Thought-provoking, inspiring, and very bizarre, Ballet Preljocaj’s performance of And Then, One Thousand Years of Peace was how I spent my outstanding Friday night. The performance had everything from enormous plastic sheets, 15-foot metal block-wall-things, frighteningly-athletic dancers, and two baby sheep. It was truly spectacular.
The subject of the dance was the apocalypse. As the dancers fought, made passionate love, crouched and swayed, the audience felt the earth crumble and collapse. They performed a few routines using flags of different countries of the world, soaking them in water and whipping them out to dry. As the full arc of the show came to a resolution, all the flags lay dampened on stage. Two baby sheep were released next on the stage, symbolizing a sort of rebirth of civilization, in my opinion. That part was a little much. I was so distracted by the sheep and nervous that they were going to run off stage that I kind of forgot I was watching a dance performance. There was an air pocket in one of the wet flags and one sheep was poking it until finally it daringly leapt over the bubble. With that final image, the dancers faded into the blackness and the curtain fell. It was weird, but awesome all at once. I left the performance breathless and awestruck.
This dance struck me as more complex than any other dance performance I’d ever seen. The dancers moved so fast for so long during the show; I felt breathless. They had a bunch of different props too! The metal block-wall-things, sheep, plaster sheets, silver trays, metal-helmet contraptions, books, and chairs. It was raw and sharp. One of the most memorable moments was when a series of metal chains fell from the ceiling. They would drop two, as one man danced below. And I don’t know if you’ve ever thought about this – I certainly hadn’t – but when chains fall, they fall in a straight line before crumbling to the ground with a sharp clang. It was super cool and added to the intensity of the performance.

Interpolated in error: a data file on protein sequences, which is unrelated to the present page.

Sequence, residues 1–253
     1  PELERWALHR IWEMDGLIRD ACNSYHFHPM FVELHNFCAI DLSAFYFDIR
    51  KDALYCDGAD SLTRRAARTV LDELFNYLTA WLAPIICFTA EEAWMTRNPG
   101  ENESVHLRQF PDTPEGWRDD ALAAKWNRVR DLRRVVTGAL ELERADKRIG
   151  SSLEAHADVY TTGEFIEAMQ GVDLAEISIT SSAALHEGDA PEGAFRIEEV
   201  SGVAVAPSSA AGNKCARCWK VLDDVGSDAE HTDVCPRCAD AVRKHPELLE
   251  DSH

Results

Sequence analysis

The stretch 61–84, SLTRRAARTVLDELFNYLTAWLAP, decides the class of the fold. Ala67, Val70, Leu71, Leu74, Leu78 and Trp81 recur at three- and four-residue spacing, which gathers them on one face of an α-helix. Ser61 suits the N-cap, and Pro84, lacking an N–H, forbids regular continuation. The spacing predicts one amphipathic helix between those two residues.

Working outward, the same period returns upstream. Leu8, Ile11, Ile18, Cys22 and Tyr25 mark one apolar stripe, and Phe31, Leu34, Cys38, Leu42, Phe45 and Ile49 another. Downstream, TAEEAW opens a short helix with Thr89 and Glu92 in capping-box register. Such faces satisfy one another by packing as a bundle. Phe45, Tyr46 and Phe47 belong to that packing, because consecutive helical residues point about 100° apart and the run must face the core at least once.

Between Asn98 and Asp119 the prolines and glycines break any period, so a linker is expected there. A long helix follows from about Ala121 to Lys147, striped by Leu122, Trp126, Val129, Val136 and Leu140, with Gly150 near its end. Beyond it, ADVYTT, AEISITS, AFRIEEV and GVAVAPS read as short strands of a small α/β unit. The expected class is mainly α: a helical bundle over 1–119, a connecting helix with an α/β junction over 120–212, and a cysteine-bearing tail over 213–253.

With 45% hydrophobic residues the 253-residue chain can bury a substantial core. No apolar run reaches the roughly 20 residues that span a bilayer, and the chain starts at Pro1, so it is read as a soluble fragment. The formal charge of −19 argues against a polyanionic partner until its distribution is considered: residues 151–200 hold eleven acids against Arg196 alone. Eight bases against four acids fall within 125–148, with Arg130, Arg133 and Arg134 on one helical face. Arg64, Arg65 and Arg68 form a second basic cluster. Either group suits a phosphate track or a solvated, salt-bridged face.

As an intern at UMS, I got to ask people what they thought of the show and record their reactions after the performance. I talked to a few dance majors who were so astounded and inspired by the performance that they could hardly contain their enthusiasm. Others felt that the performance was strange, albeit beautifully done. I didn’t hear any overtly negative reviews. The harshest criticism I overheard was just: “What was that about?” (To see some of the video clips of reactions check out this page on the UMS Lobby website!) There’s something in letting go while watching these sorts of performances – you have to just sit back and let the show wash over you. I think this is why dance, especially modern dance, takes some viewing experience. I’ve found that the more modern dance I see, the more I am able to let go and just roll with the performance without overly analyzing what I’m seeing.
Thanks to UMS for bringing this immensely-talented dance company!
P.S. If you liked this (or think you would have), be sure to check out Compagnie Käfig when they come to UMS in February!